Microsoft seems to be developing a pattern, according to security experts. One month, the software company floods...
IT administrators with security bulletins, and the next, administrators find the well nearly dry on Patch Tuesday.
Admins weren't totally off the hook this month, however, following a heavy 10-bulletin release in June. Microsoft issued three security bulletins this month, and all three addressed critical vulnerabilities in commonly used client-side applications.
In a recent effort to help users navigate Microsoft patches, patch management software vendors BindView Corp., in Houston, and Roseville, Minn.-based Shavlik Technologies LLC have teamed up to create a webcast on BindView's Web site to critique patches .
Mark Loveless, senior security analyst with BindView's "Razor" security research team and Eric Schultze, chief security architect at Shavlik, hosted the initial patch webcast and discussed how admins should approach patching their systems this month.
Dangerous Word documents
Microsoft released critical patches for Microsoft Word, the Microsoft Color Management Module in Windows and the JView Profiler in Internet Explorer and Windows. Loveless and Schultze agreed that the vulnerabilities posed critical threats, but since they require end-user action, they are manageable as long as they are patched quickly, as exploit code has been circulating in the wild for some of them.
"The last few Word issues have been very similar [to MS05-035] -- opening a malicious Word document can lead to some kind of evil activity happening," Schultze said. "This is only exploited when you go to open [a] Word attachment via e-mail, Web or shared drive. If it's one of these malicious documents it will do a buffer overflow and attack your box." A user with administrative rights would be vulnerable to an exploit of this vulnerability.
"The workaround to this is to not open or save Microsoft Word files that you receive from unknown sources," Loveless said. "Ultimately, the workaround for the Microsoft Word vulnerability is to not use Microsoft Word." Microsoft Word 2000, 2002 and XP SP3, Office 2000 SP3 and Works Suite 2000 to 2004 are affected.
Color management flaw being actively exploited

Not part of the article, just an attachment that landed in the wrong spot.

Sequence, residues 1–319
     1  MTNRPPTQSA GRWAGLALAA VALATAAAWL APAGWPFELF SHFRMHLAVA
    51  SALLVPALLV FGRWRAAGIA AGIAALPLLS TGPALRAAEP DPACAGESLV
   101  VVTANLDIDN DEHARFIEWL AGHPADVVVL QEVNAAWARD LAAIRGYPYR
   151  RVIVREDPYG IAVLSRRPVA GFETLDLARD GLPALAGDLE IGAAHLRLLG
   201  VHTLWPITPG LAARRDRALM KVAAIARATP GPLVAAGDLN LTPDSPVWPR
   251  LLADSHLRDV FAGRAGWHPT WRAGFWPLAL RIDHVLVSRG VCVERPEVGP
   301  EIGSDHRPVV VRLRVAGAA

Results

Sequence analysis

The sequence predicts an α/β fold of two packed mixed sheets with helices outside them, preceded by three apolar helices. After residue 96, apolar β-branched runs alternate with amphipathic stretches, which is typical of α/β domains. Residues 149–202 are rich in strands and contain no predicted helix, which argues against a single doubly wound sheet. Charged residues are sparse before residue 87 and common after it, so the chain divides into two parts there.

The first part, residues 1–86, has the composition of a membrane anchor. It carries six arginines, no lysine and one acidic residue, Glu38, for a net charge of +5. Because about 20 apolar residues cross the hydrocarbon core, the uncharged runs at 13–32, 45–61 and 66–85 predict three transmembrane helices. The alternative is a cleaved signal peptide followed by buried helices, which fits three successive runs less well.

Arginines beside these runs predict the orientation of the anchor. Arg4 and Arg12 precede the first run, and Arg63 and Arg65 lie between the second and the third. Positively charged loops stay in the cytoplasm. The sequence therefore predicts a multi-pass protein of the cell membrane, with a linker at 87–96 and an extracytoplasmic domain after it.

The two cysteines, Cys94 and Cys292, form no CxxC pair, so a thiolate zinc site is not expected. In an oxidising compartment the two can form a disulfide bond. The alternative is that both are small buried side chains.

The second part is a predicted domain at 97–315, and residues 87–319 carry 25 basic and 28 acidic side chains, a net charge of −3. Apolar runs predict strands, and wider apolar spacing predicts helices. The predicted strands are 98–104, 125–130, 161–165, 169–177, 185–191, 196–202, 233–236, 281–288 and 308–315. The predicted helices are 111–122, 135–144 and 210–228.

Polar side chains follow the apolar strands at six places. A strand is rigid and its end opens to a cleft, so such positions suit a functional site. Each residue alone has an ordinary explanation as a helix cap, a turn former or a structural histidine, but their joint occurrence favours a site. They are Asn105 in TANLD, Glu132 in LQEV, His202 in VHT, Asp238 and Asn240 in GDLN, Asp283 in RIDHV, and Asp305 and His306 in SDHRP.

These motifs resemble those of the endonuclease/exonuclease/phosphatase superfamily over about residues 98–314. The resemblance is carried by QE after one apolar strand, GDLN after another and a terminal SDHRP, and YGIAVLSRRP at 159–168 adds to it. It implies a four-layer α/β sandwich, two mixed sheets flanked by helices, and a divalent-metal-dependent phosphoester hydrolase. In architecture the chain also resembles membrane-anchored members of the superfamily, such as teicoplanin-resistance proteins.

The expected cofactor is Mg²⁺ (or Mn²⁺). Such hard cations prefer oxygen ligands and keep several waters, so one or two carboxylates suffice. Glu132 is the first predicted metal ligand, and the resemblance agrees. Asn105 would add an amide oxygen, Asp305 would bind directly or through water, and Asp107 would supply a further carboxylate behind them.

The second bulletin, MS05-036, which fixes a vulnerability in the Microsoft Color Management Module, was rated critical to address promptly because it can be exploited if a user visits a Web site with an infected image, opening up machines to hacking.
"It is being actively exploited on the Internet, so it's important to get this one patched as soon as possible," Schultze said. Several versions of Windows are affected.
Java Virtual Machines can host problems
The third patch, MS05-037, affects systems that contain Java Virtual Machines running on Internet Explorer.
"Since the JView Profiler COM object was not designed to be accessed through Internet Explorer, this update sets the kill bit for the JView Profiler (Javaprxy.dll) COM object," Microsoft said in its bulletin.
"Basically, what it means is that the problem is specifically within the Java Virtual Machine," Loveless said. "It's not loaded by default in [Windows] XP or 2003, but odds are pretty good that you have it if you've loaded any number of potential applications that have this in it."
A security setting workaround
Setting Internet Explorer security to "high" or directing the browser to issue a prompt before running ActiveX controls can keep the vulnerability from being exploited, but the experts recommend patching to avoid risk.
"The user is going to get hit with this by simply visiting a malicious Web site or reading an HTML e-mail," Schultze said. "Even if you never use Java Virtual Machines, just having it on your system means you're vulnerable to this. … This debugger was never intended for use through Internet Explorer. It doesn't impair any functionality. Since it's being actively exploited, it's probably something that you should get patched on all of your machines."
Next month, experts think the company will again offer a large batch of bulletins.